Army Veteran Hits Twitter for Flagging His Patriotic Posts

Republican Senate candidate and Army Veteran slammed Twitter for flagging his Fourth of July post, allegedly due to “potentially sensitive content.”

Sam Brown, retired Army Captain, Purple Heart recipient, and Republican challenger to Senator Catherine Cortez Masto commemorated Fourth of July; he did this by posting a picture of himself offering a salute in uniform with a message saying “Freedom isn’t free.”

Brown also wrote in the post that America was born on July 4, 1776, and up to this day, July 4, 2021, it is still the best country on earth. 

Twitter flagged the post with a warning: “potentially sensitive content”‘

However, the patriotic tweet of Brown was flagged by Twitter; the site labeled the tweet with a warning saying the image includes “potentially sensitive content.” Brown then shared a screenshot of the Twitter warning and slammed the social media giant. 

On Wednesday night, Brown posted a tweet criticizing Twitter. He tagged Twitter’s account and said that he didn’t realize that his face is “sensitive content.” The retired Army captain continued; he said Twitter’s move is ironic since his account only contains three tweets and he just filed his candidacy to run for the Senate only a few hours ago.

He added asking whether it was his scars that triggered the warning label or if it the fact that he was saluting the American flag. Brown continued, noting that regardless of Twitter’s reasons, neither of these are going away.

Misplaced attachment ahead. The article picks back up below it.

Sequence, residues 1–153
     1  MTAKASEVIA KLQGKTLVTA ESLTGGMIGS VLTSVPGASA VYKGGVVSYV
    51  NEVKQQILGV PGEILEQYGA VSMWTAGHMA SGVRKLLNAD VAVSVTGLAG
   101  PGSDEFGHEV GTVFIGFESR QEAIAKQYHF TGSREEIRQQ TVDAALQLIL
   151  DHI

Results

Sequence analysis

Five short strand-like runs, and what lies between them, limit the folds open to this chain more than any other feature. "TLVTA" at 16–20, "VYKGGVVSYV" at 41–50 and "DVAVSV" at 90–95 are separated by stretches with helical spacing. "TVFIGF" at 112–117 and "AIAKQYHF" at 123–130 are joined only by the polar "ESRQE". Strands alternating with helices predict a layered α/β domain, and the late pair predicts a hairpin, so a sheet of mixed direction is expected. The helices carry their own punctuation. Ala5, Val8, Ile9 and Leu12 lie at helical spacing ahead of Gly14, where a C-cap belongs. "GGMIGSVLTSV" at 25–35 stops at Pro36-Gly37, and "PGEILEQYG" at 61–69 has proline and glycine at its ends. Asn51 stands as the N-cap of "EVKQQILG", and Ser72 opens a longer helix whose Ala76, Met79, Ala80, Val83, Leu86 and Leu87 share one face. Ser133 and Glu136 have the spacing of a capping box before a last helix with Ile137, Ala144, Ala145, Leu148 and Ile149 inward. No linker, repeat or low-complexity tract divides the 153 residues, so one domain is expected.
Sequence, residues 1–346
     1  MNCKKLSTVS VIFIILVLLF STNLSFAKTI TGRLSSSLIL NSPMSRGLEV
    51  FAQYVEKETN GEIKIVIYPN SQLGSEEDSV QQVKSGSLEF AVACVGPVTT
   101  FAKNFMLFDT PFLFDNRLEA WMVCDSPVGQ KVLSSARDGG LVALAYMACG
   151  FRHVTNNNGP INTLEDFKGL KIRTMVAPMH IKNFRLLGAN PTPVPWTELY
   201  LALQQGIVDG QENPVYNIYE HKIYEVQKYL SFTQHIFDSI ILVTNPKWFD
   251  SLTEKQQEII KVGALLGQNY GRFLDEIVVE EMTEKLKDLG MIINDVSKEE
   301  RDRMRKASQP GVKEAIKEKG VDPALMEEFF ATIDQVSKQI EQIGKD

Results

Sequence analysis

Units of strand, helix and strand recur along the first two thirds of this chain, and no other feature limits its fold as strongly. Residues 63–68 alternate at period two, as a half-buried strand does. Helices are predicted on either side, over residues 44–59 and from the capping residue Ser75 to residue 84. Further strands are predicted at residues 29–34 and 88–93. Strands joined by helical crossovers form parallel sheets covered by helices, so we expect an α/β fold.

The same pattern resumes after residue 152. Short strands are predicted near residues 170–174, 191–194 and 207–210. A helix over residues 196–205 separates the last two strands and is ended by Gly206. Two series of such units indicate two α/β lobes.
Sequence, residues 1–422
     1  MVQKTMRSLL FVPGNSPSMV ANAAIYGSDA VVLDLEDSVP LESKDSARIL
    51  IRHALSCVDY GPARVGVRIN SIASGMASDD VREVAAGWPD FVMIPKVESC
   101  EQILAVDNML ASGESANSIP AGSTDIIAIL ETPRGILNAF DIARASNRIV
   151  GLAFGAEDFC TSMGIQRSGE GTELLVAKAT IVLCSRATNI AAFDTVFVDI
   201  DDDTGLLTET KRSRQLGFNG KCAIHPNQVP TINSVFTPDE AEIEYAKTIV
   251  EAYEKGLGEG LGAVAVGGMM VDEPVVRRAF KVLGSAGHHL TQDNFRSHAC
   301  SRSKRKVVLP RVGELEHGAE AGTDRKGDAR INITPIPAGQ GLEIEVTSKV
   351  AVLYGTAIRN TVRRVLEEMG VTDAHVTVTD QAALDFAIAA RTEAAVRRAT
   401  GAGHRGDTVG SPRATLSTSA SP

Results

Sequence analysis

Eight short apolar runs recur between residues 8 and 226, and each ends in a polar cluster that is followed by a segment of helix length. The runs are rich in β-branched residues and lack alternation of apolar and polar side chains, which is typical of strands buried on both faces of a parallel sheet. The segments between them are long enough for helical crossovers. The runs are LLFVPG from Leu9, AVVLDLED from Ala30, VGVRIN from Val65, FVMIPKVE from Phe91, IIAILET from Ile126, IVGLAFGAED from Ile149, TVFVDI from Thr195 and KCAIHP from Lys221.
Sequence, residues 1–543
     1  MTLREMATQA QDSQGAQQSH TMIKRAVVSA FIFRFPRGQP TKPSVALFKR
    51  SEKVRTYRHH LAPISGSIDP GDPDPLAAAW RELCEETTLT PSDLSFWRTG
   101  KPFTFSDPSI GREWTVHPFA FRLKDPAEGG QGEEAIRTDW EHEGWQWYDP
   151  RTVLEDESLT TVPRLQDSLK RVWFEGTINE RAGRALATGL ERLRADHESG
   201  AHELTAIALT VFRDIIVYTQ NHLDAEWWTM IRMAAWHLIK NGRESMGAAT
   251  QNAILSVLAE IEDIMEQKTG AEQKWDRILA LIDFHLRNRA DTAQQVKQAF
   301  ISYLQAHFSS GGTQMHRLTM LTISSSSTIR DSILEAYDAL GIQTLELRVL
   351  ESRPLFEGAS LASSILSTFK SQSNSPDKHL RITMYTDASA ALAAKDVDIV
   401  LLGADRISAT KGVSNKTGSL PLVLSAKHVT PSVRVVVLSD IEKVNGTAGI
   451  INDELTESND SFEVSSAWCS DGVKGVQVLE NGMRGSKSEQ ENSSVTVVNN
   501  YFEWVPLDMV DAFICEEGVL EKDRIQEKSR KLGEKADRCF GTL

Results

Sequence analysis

During his deployment to Afghanistan back in 2008, Brown sustained severe injuries from an IED explosion. The explosion left his face severely burned. 

Brown: the Acts of Twitter are “un-American” 

In an interview with Fox News, Fox said that while Brown is ready to put his life at risk to protect the freedom of speech of his fellow Americans, social media giants decided that they know better; they censored Brown and labeled his post about the United States as “sensitive content.” 

Brown added that these “un-American” and “egregious” acts of Twitter came after he filed his candidacy for the U.S. Senate in Nevada. It also reinforced his belief that these big tech companies are working against Republicans, as they try to silence the voices of the conservatives. 

The Army veteran continued, saying that every day he wears the scars of his service and he’s still proud to call himself American. Brown added that if Twitter believes they can censor his military service, they cannot sensor his love for the country.

According to Brown’s website, he retired from the military in 2011 after rendering five years of service. Now he and his wife are running a small business that gives critical services to veterans; this happens when the VA needs a private company to help urgently access medications outside of the federal system.